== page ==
Fine, non-Irish Pogues,
This review is from: Hell's Ditch (Remastered / Expanded) (Audio CD)While most Pogues fans with a taste for things Irish roundly condemn Hell's Ditch it is a good record. Certainly it is far superior to Peace and Love. When Peace and Love was released MacGowan told anyone who would listen that the band had abandoned its Irish roots. "They were trying to divorce themselves from the Irish thing," he complained. With Hell's Ditch the divorce was finalized and MacGowan had lost custody of the leprechauns. Panning a record because it has no Irish flavor, however, is shortsighted at best. By that standard, Rubber Soul and Highway 61 are dismal. If Hell's Ditch had been released by another band and therefore not compared to the Pogues' first three LPs, more listeners would recognize it for the wonderful rock album it is. MacGowan's voice is ragged, but it drips with attitude and oozes anger. Perhaps producer Joe Strummer's punk sensibilities made the difference. Perhaps the fact that Finer and MacGowan collaborated more than they had done on Peace and Love made the difference. Whatever the reason, it's a damn fine post-Irish Pogues LP. MacGowan co-wrote nine of the album's thirteen songs. To be sure, the record continued down the fusion path. "Maidrin Rua," a traditional instrumental, is the only straight up Irish number on the disc. Most of the album, despite typical Pogues' acoustic instrumentation, rocks hard. Only three cuts use an electric guitar. While there are some other instruments that the band didn't normally use in the past, they're not those typically found in a rock band. For instance, Finer played a hurdy-gurdy he built himself, and Fearnley used a sitar on one track. Under Joe Strummer's production, however, the overall sound is not what you'd expect from mandolins, mandolas, citterns, auto harps, accordions, concertinas, tin whistles, banjos and the like.
"Sunny Side of the Street," "The Ghost of a Smile," and "Rain Street" rock the best. None of the three reach the lyrical heights MacGowan had attained in the past, but two of the tracks boast lines any rock and roller would be proud to have penned. "Sunny Side of the Street" was co-written with Jem Finer. Lyrically, his contribution was the title, which was used in the refrain. The best of what Shane contributed came in the opening verse: "Seen the carnival at Rome. Had the women, had the booze. All I can remember now is little kids without no shoes." "Rain Street" is one of the album's strongest tracks. Its focus on a particular street brings to mind Dylan's "Desolation Row." The depiction of MacGowan's street is far more stripped down than Dylan's classic, but no less compelling. Crammed with Christian imagery, it is peopled with priests in a bar (one with a venereal disease), St. Anthony, Judas, and Jesus himself. For good measure a singing drunk and a young girl hocking her wedding ring are thrown into the mix. My favorite verse is the second: "Down the alley the ice wagon flew, picked up a stiff that was turning blue. The local kids were sniffing glue. Not much else for a kid to do on Rain Street."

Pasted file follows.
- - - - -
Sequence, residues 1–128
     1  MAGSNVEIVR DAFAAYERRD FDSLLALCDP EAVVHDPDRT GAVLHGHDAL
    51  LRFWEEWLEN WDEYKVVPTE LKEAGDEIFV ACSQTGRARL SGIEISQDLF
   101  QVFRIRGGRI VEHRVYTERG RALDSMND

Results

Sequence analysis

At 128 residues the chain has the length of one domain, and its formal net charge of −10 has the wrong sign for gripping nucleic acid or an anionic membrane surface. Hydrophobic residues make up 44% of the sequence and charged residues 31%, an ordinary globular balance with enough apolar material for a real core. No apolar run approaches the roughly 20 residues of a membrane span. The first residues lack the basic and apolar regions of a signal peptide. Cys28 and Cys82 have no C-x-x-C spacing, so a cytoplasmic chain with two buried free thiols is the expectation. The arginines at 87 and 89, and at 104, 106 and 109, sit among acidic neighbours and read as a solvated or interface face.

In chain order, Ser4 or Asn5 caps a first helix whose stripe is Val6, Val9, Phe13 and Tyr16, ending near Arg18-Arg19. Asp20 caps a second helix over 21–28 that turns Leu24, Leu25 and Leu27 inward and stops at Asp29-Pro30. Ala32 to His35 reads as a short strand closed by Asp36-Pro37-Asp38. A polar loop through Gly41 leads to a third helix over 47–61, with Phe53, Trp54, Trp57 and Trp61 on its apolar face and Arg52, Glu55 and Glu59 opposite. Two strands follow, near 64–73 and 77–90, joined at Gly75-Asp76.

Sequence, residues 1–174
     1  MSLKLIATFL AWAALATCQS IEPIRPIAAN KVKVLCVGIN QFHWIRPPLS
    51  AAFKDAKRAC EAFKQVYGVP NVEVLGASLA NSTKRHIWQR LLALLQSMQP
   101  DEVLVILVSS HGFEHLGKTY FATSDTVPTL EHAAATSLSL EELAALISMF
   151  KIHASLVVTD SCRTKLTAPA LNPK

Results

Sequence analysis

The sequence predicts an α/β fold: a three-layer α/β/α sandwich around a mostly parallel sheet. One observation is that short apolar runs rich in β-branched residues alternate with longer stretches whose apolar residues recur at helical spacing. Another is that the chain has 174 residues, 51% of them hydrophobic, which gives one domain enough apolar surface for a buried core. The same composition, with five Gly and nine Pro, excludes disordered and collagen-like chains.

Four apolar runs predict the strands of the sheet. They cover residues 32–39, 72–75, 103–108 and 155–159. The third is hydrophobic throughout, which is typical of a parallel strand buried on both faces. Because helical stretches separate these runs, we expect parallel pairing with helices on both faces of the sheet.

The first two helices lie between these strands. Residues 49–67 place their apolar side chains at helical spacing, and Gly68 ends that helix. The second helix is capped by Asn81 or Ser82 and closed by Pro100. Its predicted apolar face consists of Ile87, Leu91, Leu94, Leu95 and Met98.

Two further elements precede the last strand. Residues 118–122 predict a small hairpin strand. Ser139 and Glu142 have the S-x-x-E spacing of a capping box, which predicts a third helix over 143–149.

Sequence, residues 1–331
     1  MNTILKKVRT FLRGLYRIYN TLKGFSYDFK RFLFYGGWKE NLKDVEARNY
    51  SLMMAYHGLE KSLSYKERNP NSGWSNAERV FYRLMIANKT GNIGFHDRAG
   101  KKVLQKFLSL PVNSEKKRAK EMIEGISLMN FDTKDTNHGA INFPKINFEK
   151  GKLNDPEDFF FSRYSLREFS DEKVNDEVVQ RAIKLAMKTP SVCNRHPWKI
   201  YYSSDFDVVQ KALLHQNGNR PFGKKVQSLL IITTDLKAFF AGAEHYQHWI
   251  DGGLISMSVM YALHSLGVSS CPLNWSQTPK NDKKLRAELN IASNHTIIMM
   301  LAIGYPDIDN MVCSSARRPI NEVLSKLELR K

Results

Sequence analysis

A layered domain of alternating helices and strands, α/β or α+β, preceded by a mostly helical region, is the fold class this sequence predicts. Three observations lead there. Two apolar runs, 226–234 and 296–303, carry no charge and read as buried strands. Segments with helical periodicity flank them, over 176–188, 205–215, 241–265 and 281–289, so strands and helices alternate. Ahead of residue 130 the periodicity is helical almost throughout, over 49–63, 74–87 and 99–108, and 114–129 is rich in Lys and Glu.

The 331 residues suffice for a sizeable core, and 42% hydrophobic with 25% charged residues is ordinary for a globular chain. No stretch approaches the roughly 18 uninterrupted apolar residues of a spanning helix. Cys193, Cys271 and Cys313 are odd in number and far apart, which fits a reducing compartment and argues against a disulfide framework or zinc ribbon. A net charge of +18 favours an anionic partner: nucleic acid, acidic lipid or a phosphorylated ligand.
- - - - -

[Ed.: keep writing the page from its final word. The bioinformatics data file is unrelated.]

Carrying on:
The musical fusion MacGowan lamented is blatant in three of his own songs: "Lorca's Novena," "Hell's Ditch," and "Five Green Queens and Jean" (the last two co-written with Finer). "Lorca's Novena" is about the execution of Spanish poet Federico Garcia Lorca, a Spanish folk hero killed by pro-Franco forces during the Spanish Civil War. The music is unusual, even by Pogues' standards. It builds gradually and dramatically with a distinctive Spanish feel. The album's title cut, "Hell's Ditch" centers on Jean Genet, a homosexual French writer who spent a great deal of his life in prison, some of it in Spain. Musically, the track feels Spanish and Mideastern at the same time, acknowledging, as so much Spanish music does, Muslim influences dating back to the middle ages. "Five Green Queens and Jean" is the best of these three cuts. Lyrically sparse, the song defies interpretation. MacGowan has said the five green queens refer to a dice game where one surface of each die depicts a queen colored green. MacGowan intended the track to be recorded with just an acoustic guitar but was overruled. The final arrangement was probably intended to sound Spanish as well, but to an American ear it brings Mexico to mind. Terry Woods' mandolin playing is perfect, and James Fearnley's accordion work would make Flaco Jimenez proud.
"Sayonara," "House of Gods," and "Summer in Siam" have been called MacGowan's Thailand trilogy. All three are set in the Far-eastern nation where Shane has so often retreated for R & R. As one would expect, there's little of the Dubliners' influence evident on these cuts. The songs are loaded with references to Thailand's beaches, whiskey, beer, and women. All three work quite nicely, especially "Summer in Siam." Lyrically the song is spare, more so than anything else MacGowan has written. Apart from repetition, there are just six lines and 27 words. It is none the less beautiful. MacGowan calls it a musical haiku. The music, complete with a kalimba, harp, and congas, is slow, soft, and elegant.
Hell's Ditch may not sound like a Pogues' album, but it sounds very good. Rake at the Gates of Hell: Shane Macgowan in Context